The Surrey School District and Options Community Services have “come to an agreement regarding the joint operation” of the Growing Together program. (Photo: Province of B.C.)

Operator of Surrey daycare program for teen parents gets extension to vacate

School district dropped charity as operator of long-running program, which prompted Options to sue

Options Community Services will continue providing a teen childcare program at Guildford Park Secondary, but only until July 2020.

The Surrey School District and Options, according to a release from the district Wednesday (Aug. 14), have “come to an agreement regarding the joint operation” of the Growing Together program.

The release says Options will “remain in its current location and continue to provide childcare and wrap-around services for young parents finishing their high school education until July 2020.”

Christine Mohr, Options CEO, said the “most important thing” was for the charity to be able to provide certainty as soon as possible to Growing Together students and community families.

“We will continue our search for a new location and we are confident that we will be able to move without disrupting childcare and services to those who count on us,” Mohr said.

Surrey Board of Education chair Laurie Larsen said the board’s priority “is supporting our young mothers who are students of the Surrey School District as they work towards graduation and beyond.”

Options has been running the program in partnership with the district for the past 33 years.

READ ALSO: Surrey charity in ‘shock’ after district drops it from daycare program for teen parents, July 5, 2019

It was also one of the B.C. locations chosen to pilot the NDP’s $10-a-day childcare rates, and is licensed for 36 spots.

Several months ago, the charity received notice that the school district wanted it to move out of the facility by the end of August, Janice Boyle, Options director of development previously told the Now-Leader.

She said at the time she wasn’t given a reason why and stressed it put the clients of the program in jeopardy.

In July, Surrey Schools spokesperson Doug Strachan said the district “went to tender and will have a new daycare operator to manage that part of the program.” He said “that’s all that’s changed” and said there would be no changes to the program.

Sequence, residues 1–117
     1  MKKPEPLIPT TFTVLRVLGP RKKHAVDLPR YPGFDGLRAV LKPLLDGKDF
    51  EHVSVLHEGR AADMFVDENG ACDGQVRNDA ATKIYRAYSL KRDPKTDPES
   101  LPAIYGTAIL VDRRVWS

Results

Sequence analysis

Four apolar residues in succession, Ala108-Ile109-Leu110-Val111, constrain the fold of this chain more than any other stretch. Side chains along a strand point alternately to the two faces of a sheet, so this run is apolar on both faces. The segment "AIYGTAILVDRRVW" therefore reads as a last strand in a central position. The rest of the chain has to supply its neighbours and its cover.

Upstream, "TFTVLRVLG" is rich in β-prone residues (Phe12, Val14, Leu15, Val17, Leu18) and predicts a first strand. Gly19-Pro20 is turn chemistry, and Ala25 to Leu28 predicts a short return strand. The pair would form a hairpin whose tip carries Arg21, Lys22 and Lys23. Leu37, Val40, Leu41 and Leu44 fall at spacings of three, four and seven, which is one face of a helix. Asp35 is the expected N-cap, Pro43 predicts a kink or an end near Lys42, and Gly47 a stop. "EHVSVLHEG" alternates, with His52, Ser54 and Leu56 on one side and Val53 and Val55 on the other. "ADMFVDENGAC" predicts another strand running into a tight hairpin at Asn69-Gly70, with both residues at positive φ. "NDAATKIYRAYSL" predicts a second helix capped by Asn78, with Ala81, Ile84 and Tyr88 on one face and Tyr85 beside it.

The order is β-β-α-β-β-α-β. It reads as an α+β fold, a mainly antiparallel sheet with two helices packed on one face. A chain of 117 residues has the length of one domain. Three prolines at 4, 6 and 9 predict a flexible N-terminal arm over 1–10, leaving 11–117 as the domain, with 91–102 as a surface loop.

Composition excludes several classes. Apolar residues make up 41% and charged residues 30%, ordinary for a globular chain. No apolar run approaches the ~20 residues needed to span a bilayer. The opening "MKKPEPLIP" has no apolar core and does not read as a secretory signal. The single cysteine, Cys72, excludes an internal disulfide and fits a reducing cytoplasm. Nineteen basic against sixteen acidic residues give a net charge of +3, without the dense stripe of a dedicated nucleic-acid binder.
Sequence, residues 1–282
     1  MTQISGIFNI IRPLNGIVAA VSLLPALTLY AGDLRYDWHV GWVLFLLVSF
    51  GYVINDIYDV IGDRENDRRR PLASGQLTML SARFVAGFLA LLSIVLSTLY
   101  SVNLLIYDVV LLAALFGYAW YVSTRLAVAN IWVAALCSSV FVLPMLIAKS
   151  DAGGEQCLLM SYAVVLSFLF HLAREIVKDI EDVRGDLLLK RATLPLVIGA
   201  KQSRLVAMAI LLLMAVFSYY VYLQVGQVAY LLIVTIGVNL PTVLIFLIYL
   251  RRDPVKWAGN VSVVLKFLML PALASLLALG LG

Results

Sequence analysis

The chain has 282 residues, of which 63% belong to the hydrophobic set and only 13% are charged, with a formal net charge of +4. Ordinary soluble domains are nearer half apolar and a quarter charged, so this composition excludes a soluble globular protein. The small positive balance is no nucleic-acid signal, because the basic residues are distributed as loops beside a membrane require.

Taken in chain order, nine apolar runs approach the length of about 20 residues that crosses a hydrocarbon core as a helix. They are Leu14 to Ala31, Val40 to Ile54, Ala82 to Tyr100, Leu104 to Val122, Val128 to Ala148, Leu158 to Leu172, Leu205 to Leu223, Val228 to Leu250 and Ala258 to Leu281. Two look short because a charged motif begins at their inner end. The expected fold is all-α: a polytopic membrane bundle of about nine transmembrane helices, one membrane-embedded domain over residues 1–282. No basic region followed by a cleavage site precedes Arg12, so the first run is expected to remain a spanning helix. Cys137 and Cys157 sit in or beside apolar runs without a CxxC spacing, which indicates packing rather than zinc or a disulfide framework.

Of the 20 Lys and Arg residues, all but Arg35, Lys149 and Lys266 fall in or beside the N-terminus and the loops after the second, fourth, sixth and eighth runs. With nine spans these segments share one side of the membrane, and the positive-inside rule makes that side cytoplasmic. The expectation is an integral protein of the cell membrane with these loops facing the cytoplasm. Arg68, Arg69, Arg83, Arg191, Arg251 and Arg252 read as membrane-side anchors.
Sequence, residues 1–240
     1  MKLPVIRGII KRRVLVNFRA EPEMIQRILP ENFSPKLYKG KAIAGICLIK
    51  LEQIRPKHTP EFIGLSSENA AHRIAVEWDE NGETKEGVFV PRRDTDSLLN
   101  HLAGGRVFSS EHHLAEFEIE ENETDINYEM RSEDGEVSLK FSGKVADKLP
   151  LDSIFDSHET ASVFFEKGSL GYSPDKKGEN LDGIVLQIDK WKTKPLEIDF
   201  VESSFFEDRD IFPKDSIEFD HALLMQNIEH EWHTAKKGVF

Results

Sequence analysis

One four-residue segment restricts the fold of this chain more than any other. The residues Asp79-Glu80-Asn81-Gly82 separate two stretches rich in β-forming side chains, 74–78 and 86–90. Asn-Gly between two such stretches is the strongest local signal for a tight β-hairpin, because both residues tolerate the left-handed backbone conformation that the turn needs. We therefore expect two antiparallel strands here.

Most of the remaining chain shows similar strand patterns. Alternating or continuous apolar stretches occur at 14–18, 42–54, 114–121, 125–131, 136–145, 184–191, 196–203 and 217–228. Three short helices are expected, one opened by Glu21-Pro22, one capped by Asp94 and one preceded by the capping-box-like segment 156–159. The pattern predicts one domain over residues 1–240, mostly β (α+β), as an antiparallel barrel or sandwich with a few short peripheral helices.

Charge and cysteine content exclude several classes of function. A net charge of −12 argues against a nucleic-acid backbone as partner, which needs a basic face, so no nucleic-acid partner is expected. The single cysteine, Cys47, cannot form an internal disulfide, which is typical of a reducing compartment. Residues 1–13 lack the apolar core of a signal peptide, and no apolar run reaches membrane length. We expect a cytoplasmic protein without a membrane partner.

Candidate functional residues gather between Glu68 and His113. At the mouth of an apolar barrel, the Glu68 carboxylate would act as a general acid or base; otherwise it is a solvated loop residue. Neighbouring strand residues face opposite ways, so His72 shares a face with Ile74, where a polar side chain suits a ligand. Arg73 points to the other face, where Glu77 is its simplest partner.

Asked the reason behind the change, Strachan said the district felt it was “time to refresh our Growing Together program and refocus it again on our students, as well as explore other partnerships that can enhance the program.”

A notice of civil claim was filed against the Surrey School District on July 9, with Options disputing the validity of the termination notice.

READ ALSO: Surrey charity sues school district over daycare program for teen parents, July 10, 2019

“The School District failed to provide Options with reasonable notice that it was terminating Options’ licence of occupation,” the claim states Further, Options states the district “failed to act in good faith in its purported termination of Options’ licence of occupation.”

According to Options’ Notice of Civic Claim, tensions rose between the two parties when the program’s enrolment began to drop in 2017. That year, the charity laid off two staff and began to enrol some families from the community to prevent further layoffs.

That September, Options says the district reduced its days of operation from five to four, resulting in enrolment dropping further.

Strachan said the lawsuit is “not proceeding because we have an agreement,” adding that the “benefit of the agreement is that both parties now know where we stand and (what) the timelines are.”

He said that because of the agreement, the district and options aren’t “getting into any other details around it.”

The Surrey school district’s website describes Growing Together as a “district support program and daycare for students who are attending school and are expecting or are who are young mothers.”

It adds the program “provides social-emotional support, parenting advice, and connections with community agencies, and focuses on helping students graduate.”

With files from Amy Reid

Just Posted

Surrey getting a new hospital, in Cloverdale

Premier John Horgan said the ‘brand new hospital’ will be built near Kwantlen Polytechnic University

Four ‘Nutcracker’ shows in Surrey on Royal City company’s 30th-year tour

This year’s cast features more than 70 dancers, including 18 from Surrey

Pedestrian struck by vehicle in South Surrey

Incident happened at the 160 Street and 24 Avenue intersection

White Rock pier-plank purchasers celebrated

Donors received a certificate Sunday marking their purchase of a pier plank

White Rock looking at 3.9% tax increase

Budget discussions are to take place this week

‘Kind of lacking:’ Injured Bronco wonders why Canada won’t fund spinal surgery

“I think if Canada can step in and advance this program”

Vancouver Giants fall to Spokane Chiefs

‘We are just having a tough time scoring right now’

Dance cancelled after Alberta teacher’s climate lesson prompts online threats

School district near Red Deer cancelled annual family dance due to Facebook comments

Feds not enforcing standards on Hungarian duck imports, B.C. farmer says

‘You have no way of knowing what’s in the bag’

Don’t expect extra bus service during impending SkyTrain strike, CMBC says

Full SkyTrain shutdown is scheduled to start Tuesday morning

In surprise move, defence won’t call witnesses for accused in Abbotsford school killing

‘Change of instructions’ results in defence closing case without calling evidence

Operation Red Nose Surrey-Langley could close for rest of season due to lack of volunteers

Organizers say they are struggling to keep up with high call numbers and long wait times

B.C. VIEWS: An engine that hums right along

First Nations are leading a new surge of investment in B.C.

Most Read

l -->